The Moiré in these feathers at 100% are natural and not anomalies. This occurs when there are feathers crossing at angles with each other. FYI
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em_dee_aitch
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Re: D800E, searching for moire...
In reply to stany buyle, May 3, 2012

stany buyle wrote:

Good morning everybody,

Yesterday we were doing some further testing for D800 vs D800e for sharpness and moire in the studio of a friend of mine.

We dressed up my daugther specially for what we thought could/would bring moire while using the D800E and taking over 100 shots alltogether....

... samples and more on my website:

http://www.nikonuser.info/fotoforum/viewtopic.php?f=33&t=1632&sid=e6d7bdf711452219ecb520aa5e590b2b

Stany -

I'm glad to see you experimenting, but I don't think you're choosing the right fabrics. Speaking from event photography experience I strongly believe that the worst moiré offenders are patterned or textured men's suits.

Of course even when you find an offending target, it will only produce moiré in a specific magnification range. So basically if you shoot the same guy in a suit all day long, it will only ruin a percentage of your shots. It is also sometimes a problem with screens and veils, as the other commenter demonstrated just a few posts above.

The reality it that it will happen, not that often, but it will on occasion totally screw up a shot that you really need. If you do this as hobby only and don't have to worry about the embarrassment of having to apply a suboptimal fix to an otherwise outstanding shot, then it's not a problem. If you do it for money then treat it as a real risk and respect it, probably by owning both versions of the camera.

Calling someone a FUD over this or trying to argue that the entire issue is FUD is just entirely ignorant.

As to the software fixing it, you can fix the chroma only. The luminance is not reconstructable.

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David Hill
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Joesiv
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Re: D800E, searching for moire...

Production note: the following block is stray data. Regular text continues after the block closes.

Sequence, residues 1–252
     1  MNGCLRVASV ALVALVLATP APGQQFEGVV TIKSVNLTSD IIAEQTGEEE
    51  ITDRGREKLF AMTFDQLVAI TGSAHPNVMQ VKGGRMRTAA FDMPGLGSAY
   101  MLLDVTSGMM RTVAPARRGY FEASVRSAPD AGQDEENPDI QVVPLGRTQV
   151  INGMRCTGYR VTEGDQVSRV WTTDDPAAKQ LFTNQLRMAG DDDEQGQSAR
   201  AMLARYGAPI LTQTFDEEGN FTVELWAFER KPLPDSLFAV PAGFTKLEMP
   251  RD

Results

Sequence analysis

In reply to Robin Casady, May 3, 2012

Robin Casady wrote:

You might want to try a few more shots with your daughter further from the camera. The weave might not have been fine enough for the distances you used.

Indeed, it seems a lot of people who are testing for moire don't realize that the worst moire happens when detail goes beyond what the actual pixels can resolve. So getting the weave pattern to be at a sub pixel size is where it will show up.

Also higher contrast detail will show it more than such soft contrast fabric.

If you look closely you can start to see color moire just start to show up in some of the highlighted samples.

I'd be curious to see your further tests.

Thanks for posting them!

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JohnWheeler
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Re: D800E, searching for moire...
In reply to em_dee_aitch, May 3, 2012

em_dee_aitch wrote:

If you do it for money then treat it as a real risk and respect it, probably by owning both versions of the camera.............

As to the software fixing it, you can fix the chroma only. The luminance is not reconstructable.

Sage advice David. I agree that getting the shots right without Moiré is the most productive and assured way to avoid the issue whether it is purchasing both cameras and using them appropriately depending on subject and in addition taking shots tethered and checking at 100%, or covering your bets with multiple shots at slightly different camera to subject distance or slightly different focal lengths.